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In the liner notes for his latest jazz release, Czech Dreams, Skip Wilkins writes: “And so, this recording is in many ways a love story, a dedication to the Czech People, and to some of my closest friends anywhere on this small planet.”

Wilkins, associate professor of music, composed the tunes on Czech Dreams in Prague and Brno during a sabbatical in the Czech Republic. He recorded the album with the Skip Wilkins Quartet, featuring Czech musicians Libor Šmoldas on guitar, Tomáš Baroš on bass, and Tomáš Hobzek on drums, in two days at Studio Svárov in Prague. The disc also features guest saxophonist Rostislav Fraš and vocalist Marie Puttnerová.

Skip Wilkins Quartet, "Czech Dreams," photo © Alžběta Jungrová / New Port Line Records

Skip Wilkins Quartet, “Czech Dreams,” photo © Alžběta Jungrová / New Port Line Records

Wilkins wrote the 11 tracks specifically for this ensemble, wanting to capture the energy of some of the best young musicians in the Czech Republic. The result is a resounding success. All About Jazz calls the effort “an impressive sophisticated offering of European-flavored modern jazz designed to reach across the ocean with its worldly appeal.”

His favorite track on the album, “You Will Find It,” began as a sort of dare. Puttnerová suggested that he write a tune for her to sing. He composed an original piece reminiscent of a Moravian folk song, a nod to Puttnerová’s native Morava, the southern province of the Czech Republic and home to a rich singing tradition.

“I love the way the band played this tune,” says Wilkins. “Each member had a kind of statement of the melody. That was it. No particular improvisation, just various statements of the melody, some different textures. In performance, this piece really floors the audience every night. It is very subtle and moving. I found ‘it’ here in the Czech Republic.”

The Czech Republic has become a second home for Wilkins. He spends every summer there, as well as an annual January residency, teaching at workshops and performing at venues ranging from live television to large concert halls to intimate clubs. Last year, he played at the final Jazz na Hradě (Jazz at the Castle) to honor former president (and jazz lover) Vaclav Klaus’ two terms in office.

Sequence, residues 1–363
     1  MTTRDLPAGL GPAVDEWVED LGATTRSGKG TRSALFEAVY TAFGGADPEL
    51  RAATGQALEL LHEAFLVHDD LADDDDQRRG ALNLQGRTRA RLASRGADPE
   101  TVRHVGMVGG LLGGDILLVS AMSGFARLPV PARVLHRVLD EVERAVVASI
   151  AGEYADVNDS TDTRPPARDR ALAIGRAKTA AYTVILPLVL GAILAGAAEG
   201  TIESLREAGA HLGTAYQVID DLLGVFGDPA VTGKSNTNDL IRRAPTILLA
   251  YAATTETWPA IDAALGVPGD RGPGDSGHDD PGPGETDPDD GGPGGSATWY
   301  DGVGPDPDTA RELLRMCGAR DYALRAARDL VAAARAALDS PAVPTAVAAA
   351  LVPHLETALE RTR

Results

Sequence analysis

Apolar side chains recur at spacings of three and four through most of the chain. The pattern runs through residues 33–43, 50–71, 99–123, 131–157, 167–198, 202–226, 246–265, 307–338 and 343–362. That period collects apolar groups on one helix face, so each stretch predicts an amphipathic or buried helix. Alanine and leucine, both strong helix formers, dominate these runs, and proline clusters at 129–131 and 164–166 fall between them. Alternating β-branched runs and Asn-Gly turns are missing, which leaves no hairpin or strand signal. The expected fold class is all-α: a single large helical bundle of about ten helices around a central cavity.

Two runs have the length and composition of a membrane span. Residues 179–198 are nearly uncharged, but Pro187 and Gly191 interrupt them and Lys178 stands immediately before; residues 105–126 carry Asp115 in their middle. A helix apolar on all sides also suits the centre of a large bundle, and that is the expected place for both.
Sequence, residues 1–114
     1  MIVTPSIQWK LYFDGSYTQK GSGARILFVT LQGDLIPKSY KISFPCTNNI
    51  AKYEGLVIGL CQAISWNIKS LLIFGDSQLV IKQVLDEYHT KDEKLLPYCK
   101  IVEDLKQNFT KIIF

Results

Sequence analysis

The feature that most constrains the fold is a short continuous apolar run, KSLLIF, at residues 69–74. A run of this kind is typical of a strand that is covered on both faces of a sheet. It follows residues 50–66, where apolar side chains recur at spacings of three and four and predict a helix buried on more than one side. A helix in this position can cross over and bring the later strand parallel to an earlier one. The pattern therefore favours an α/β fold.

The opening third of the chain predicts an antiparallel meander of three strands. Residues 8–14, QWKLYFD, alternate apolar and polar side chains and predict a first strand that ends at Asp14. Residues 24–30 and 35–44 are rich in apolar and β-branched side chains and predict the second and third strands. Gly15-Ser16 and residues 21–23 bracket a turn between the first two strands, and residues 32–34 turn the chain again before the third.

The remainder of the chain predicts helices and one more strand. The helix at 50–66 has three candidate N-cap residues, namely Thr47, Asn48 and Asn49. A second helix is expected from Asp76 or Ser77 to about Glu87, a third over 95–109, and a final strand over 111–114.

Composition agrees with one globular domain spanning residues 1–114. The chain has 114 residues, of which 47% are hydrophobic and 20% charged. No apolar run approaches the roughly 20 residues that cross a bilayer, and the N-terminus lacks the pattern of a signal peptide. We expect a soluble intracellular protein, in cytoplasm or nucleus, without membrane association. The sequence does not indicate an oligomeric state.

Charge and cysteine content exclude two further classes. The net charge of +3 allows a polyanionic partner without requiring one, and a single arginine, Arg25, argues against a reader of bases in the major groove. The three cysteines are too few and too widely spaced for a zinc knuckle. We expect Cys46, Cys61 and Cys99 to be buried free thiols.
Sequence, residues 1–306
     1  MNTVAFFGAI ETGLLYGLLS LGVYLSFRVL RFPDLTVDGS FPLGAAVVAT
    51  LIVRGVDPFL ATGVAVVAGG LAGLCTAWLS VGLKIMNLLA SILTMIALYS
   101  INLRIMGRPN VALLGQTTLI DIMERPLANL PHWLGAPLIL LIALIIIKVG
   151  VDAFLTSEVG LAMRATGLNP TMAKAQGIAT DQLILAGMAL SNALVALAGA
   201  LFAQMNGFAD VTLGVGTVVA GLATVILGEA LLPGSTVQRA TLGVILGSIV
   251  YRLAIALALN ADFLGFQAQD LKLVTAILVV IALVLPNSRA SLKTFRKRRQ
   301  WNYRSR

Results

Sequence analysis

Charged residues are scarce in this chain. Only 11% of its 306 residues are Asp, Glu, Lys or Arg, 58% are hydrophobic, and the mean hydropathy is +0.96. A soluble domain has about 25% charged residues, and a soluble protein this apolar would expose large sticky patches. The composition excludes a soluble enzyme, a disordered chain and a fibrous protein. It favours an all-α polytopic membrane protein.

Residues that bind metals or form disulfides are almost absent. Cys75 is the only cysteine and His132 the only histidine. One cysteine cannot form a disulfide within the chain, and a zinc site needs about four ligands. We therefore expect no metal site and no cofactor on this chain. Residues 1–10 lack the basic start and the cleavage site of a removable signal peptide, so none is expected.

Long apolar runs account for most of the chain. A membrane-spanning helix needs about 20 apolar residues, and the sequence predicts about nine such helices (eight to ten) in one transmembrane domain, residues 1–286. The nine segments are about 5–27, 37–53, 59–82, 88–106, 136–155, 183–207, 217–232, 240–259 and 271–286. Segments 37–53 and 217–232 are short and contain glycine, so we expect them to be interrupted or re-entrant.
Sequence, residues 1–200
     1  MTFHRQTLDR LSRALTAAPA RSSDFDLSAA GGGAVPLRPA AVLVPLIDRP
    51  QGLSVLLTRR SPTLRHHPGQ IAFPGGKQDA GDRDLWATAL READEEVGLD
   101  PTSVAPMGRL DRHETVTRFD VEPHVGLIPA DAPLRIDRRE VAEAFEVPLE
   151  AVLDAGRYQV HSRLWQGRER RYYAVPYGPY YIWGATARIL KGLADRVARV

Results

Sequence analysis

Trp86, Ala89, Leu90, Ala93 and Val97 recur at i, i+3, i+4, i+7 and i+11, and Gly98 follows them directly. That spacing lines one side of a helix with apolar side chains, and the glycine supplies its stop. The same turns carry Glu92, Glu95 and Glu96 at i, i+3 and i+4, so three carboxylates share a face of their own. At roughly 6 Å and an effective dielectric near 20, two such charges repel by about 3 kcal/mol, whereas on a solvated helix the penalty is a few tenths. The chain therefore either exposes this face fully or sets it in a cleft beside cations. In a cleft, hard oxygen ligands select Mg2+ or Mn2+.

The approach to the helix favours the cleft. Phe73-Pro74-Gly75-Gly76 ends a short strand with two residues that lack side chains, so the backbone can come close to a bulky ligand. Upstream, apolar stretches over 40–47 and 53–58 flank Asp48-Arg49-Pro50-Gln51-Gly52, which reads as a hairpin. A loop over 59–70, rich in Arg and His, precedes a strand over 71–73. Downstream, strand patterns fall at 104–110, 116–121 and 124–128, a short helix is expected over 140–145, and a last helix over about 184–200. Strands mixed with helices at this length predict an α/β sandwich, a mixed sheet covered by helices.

Professor Skip Wilkins, center, with other members of Trio WUH in front of Ludwigsburg Palace in Germany

Professor Skip Wilkins, center, with other members of Trio WUH in front of Ludwigsburg Palace in Germany

Wilkins also performs in Switzerland, Austria, Germany, Slovakia, and Greece. Last summer, he was appointed artistic director of the First International Jazz Workshop in Kryoneri, Greece. Next summer, he plans to add dates in Italy, Croatia, and Bulgaria.

One of Wilkins’ most successful endeavors has been Trio WUH, comprised of Wilkins, bassist František Uhlíř, and drummer Jaromír Helešic, which features “underplayed chestnuts” from the Great American Songbook. Of his 13 European concerts this January, 10 were with Trio WUH, and he expects to play about 40 more dates this year with the group. This year, the trio will release its first album, Trio WUH Live in Jazzinec, recorded during its February-March 2013 tour.

“I want to play everywhere,” says Wilkins. “I love the road because I love what happens when you walk into a new venue. The night is young. Nobody knows what will happen. This is a good life for me.”

Wilkins will give a free performance with guitarist Tom Kozic 8 p.m. Wednesday, Feb. 5, at the Williams Center for the Arts. He also will play with the Skip Wilkins Quintet 7 p.m. Friday, Feb. 21, at the Deer Head Inn in Delaware Water Gap, Pa. Cost is $7.

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